President Trump launched a barrage of tweets on Jan. 2 dealing with Pakistan, Iran, North Korea, the new tax law and a few other subjects — one of them addressing the Palestinians and Israel. In doing so he contradicted his previous positions and threatened to further destabilize a region for which he has long promised to deliver the “ultimate deal.”
Riffing on his outrage in his New Year’s tweet that in exchange for billions in U.S. aid, Pakistan has “given us nothing but lies & deceit,” Trump complained, “We pay the Palestinians HUNDRED OF MILLIONS OF DOLLARS a year and get no appreciation or respect. They don’t even want to negotiate a long overdue peace treaty with Israel.” In a similar vein the next day, he called for cutting off U.S. aid to the Palestinian Authority.
Such a measure has been advocated by parts of the Jewish community and parts of the Republican Party, ostensibly because of the P.A.’s payments to the families of Palestinian terrorists imprisoned by Israel. This time, Trump seemed to be threatening a cutoff if the Palestinians did not submit to negotiations, which Palestinian leaders have characterized as “blackmail.”
It isn’t clear which aid Trump was threatening to stop. About half of the $700 million the United States contributes annually to the Palestinians goes to UNRWA, the United Nations agency charged with humanitarian relief for Palestinian refugees.
While UNRWA has been the subject of withering and justified criticism for decades — the Palestinians are the only group in the world to have their own refugee agency, while the agency has turned a blind eye to terrorism taking place in and around its facilities — it is the primary engine of the social safety net in Gaza and a cornerstone of the United Nations’ support of the Palestinian Authority.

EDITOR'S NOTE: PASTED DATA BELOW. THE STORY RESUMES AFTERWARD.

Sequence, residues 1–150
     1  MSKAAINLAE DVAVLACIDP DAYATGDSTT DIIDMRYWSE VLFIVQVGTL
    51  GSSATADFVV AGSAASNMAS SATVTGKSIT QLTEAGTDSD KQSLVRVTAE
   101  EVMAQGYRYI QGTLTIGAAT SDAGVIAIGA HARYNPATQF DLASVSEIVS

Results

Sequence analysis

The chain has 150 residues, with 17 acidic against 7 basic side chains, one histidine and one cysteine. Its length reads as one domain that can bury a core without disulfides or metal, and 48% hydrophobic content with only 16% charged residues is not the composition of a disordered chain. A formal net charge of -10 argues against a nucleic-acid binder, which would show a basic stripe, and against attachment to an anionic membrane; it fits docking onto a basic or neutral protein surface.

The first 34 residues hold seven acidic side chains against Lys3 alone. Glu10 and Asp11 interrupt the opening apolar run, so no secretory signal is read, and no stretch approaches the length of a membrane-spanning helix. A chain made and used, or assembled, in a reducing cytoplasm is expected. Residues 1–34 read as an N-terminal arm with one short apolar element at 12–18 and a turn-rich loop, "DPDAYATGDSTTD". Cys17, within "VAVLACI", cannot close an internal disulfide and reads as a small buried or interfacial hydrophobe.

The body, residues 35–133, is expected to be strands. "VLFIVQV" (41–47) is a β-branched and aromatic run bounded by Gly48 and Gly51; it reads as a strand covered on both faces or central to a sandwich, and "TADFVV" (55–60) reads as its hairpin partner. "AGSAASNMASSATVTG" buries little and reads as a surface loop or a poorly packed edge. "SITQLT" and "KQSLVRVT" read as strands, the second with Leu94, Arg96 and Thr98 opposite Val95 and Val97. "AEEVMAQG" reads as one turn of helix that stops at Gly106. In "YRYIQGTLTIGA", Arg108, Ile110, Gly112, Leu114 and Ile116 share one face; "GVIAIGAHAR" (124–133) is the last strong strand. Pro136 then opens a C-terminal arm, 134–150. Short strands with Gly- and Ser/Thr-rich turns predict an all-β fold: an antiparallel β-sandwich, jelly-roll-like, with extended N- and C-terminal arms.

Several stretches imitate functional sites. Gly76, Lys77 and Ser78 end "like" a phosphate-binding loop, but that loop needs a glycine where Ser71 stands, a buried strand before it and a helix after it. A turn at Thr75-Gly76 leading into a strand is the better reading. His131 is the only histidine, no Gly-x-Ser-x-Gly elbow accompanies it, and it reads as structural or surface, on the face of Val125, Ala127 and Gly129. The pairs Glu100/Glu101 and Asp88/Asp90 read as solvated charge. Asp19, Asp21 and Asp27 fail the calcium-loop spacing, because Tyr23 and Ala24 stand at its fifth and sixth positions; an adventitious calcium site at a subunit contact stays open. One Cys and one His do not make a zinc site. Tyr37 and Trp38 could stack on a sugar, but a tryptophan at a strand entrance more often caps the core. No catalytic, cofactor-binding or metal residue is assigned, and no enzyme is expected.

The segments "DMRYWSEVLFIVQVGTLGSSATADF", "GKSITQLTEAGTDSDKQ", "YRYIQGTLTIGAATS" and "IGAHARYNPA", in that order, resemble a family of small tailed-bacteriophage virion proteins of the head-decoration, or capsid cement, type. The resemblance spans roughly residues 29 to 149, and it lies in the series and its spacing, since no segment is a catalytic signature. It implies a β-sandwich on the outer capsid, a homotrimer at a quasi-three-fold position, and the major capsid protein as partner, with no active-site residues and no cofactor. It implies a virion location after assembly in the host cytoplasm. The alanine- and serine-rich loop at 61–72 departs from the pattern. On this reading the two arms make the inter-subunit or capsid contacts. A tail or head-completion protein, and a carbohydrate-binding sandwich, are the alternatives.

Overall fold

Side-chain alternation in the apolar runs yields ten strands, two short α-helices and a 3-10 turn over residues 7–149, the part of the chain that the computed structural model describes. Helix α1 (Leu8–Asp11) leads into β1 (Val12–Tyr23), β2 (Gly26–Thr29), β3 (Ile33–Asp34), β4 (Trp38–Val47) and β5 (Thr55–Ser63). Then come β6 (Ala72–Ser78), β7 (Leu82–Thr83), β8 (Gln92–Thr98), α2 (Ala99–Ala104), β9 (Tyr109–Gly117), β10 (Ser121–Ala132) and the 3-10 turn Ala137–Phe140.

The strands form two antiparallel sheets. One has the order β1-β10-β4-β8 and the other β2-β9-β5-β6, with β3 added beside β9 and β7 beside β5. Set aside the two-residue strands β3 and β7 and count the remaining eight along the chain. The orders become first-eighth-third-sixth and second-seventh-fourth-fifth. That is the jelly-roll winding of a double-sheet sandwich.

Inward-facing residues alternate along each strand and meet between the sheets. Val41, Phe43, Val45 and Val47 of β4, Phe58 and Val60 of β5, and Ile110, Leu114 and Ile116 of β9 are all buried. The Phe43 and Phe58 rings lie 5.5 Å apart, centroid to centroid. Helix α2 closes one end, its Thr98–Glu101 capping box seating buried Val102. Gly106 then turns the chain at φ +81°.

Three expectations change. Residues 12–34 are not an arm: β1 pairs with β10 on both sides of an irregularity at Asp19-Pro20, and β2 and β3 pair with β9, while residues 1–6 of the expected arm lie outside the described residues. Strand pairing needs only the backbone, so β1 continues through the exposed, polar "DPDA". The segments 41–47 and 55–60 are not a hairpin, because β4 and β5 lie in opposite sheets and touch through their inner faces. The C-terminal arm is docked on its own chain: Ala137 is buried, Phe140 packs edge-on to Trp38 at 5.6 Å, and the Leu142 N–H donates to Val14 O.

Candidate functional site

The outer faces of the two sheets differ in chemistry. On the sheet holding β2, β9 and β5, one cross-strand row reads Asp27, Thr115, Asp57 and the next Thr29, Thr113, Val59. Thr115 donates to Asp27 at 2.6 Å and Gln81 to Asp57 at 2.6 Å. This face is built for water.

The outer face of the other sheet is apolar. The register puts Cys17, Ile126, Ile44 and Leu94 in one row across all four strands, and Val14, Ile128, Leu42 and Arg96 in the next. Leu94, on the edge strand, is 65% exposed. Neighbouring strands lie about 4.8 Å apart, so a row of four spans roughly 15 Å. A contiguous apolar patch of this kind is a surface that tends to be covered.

That’s why some Israeli authorities expressed concern over Trump’s threat. The Palestinian Authority, while a convenient and oftentimes deserved punching bag, also has a strong security relationship with Israel. Absent that partnership — a likely outcome of a safety net collapse — Israel would have to re-enter and reoccupy the cities of the West Bank.
But Trump’s tweet contained an additional statement that has raised eyebrows in Israel and among her supporters: “We have taken Jerusalem, the toughest part of the negotiation, off the table, but Israel, for that, would have had to pay more.”
Analysts have parsed this fragment of an idea like Talmudists poring over a holy text. It seems on the one hand to contradict Trump’s statement when he recognized Jerusalem as Israel’s capital that its final boundaries will be decided through negotiations. But it also seems to contradict Trump’s statement that the capital announcement was a recognition of existing reality.
Trump came to office a year ago promising to reject approaches that had failed in the past. He is doing that in one respect, but in the process is sowing discord and confusion across an already turbulent region. PJC